Here's a plein air painting I did the other day. Maybe you could critique it for me? I call it "The Road Home" because it reminds me of driving down to visit my mother. How I miss her larder and Ganesh cones.
Rusty, you are
CONFOUNDING COLOR WITH VALUE!
or how about in this Gruppe? Squint, that will make it even clearer.
Your painting looks "mushy" because you are making notes of the same value in both your lights and your shadows. Look at your mass of trees at the upper left, and compare it's value with the lower right hand corner that is in the light, common notes. You are including in your lights and your shadows notes of the same value.
I see this fault in students work routinely. When a note is deeper in value, the student responds not by dropping it's value, but by increasing it's saturation. Conversely, they respond to highly saturated colors in the light by painting them low in value. I have wondered if part of the fault lies in our language. In the everyday world we use the word "bright" to mean both high in value and full of color. We might say that a white room with many windows is bright, and then reject a screaming yellow color for the walls as "too bright". We do the same for the word "dark", a room could be too dark if it lacked light, yet we also might refer to a paint scheme as "too dark".
The easiest way to understand the difference is to think of a black and white photo, that is a pattern of values. Color doesn't appear. Color and value are both interrelated and hold hands in public. But they are two separate qualities that describe a note on your canvas. On gray days the values may grow very close together, but the division remains, even if the only deep shadow is in your pockets.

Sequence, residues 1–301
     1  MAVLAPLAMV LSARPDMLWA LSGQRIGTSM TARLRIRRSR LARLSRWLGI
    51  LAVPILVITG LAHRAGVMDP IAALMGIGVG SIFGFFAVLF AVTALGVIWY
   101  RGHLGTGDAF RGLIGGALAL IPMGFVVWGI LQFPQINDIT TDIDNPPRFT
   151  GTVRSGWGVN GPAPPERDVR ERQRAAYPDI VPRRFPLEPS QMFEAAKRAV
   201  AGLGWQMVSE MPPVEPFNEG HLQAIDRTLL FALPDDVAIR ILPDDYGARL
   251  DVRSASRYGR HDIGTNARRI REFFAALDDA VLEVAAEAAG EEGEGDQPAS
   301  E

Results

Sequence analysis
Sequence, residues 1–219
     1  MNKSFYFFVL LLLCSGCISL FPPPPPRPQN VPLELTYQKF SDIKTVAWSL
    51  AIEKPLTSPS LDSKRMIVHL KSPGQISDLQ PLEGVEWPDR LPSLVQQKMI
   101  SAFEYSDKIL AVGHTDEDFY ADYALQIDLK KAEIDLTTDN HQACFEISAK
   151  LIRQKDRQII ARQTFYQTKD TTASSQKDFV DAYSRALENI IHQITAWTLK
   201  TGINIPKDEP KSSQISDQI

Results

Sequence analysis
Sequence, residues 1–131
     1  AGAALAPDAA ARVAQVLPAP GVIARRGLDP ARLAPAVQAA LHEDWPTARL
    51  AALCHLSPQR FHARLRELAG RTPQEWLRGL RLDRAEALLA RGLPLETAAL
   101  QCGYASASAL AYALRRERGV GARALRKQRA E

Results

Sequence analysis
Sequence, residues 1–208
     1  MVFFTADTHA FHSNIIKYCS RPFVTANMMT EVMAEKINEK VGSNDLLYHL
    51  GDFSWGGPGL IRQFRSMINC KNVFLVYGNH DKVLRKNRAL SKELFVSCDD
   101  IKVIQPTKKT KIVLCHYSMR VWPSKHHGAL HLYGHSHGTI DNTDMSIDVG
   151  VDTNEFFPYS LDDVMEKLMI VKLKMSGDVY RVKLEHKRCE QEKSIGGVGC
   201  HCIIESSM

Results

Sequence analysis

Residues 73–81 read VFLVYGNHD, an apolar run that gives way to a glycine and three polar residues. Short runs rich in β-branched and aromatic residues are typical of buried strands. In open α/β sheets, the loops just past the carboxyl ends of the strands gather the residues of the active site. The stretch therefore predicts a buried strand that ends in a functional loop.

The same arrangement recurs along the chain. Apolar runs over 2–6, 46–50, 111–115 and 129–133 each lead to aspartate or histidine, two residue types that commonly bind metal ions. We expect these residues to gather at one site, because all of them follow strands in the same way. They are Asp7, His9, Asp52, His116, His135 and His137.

When we paint the landscape outside one of the most important tasks before us is to delineate the light and the shadow. This is drawing, even if it is tonal and not done with a pencil. It could be done in black and white, it is not a function of color.
"Rusty", look at your painting, see the nearest shadow crossing the road ? It shares values with the field in sunlight to it's left.
It is essential to use a different set of values to represent your lights and shadows. Imagine a deck of cards, with just two suits, dark cards and light cards. Now deal them into two piles on the table before you, dark cards in one pile and light cards the other. Sorting the lights from the darks in a painting is similar. There are two piles, light and dark. No card fits in either one, each card is either one of the light cards or one of the dark cards. Every time your brush hits that canvas you need to know, is this note in the dark or is it in the light?
Durham, North Carolina
I am teaching a workshop in Durham, on November 1-3, Here is the link to that.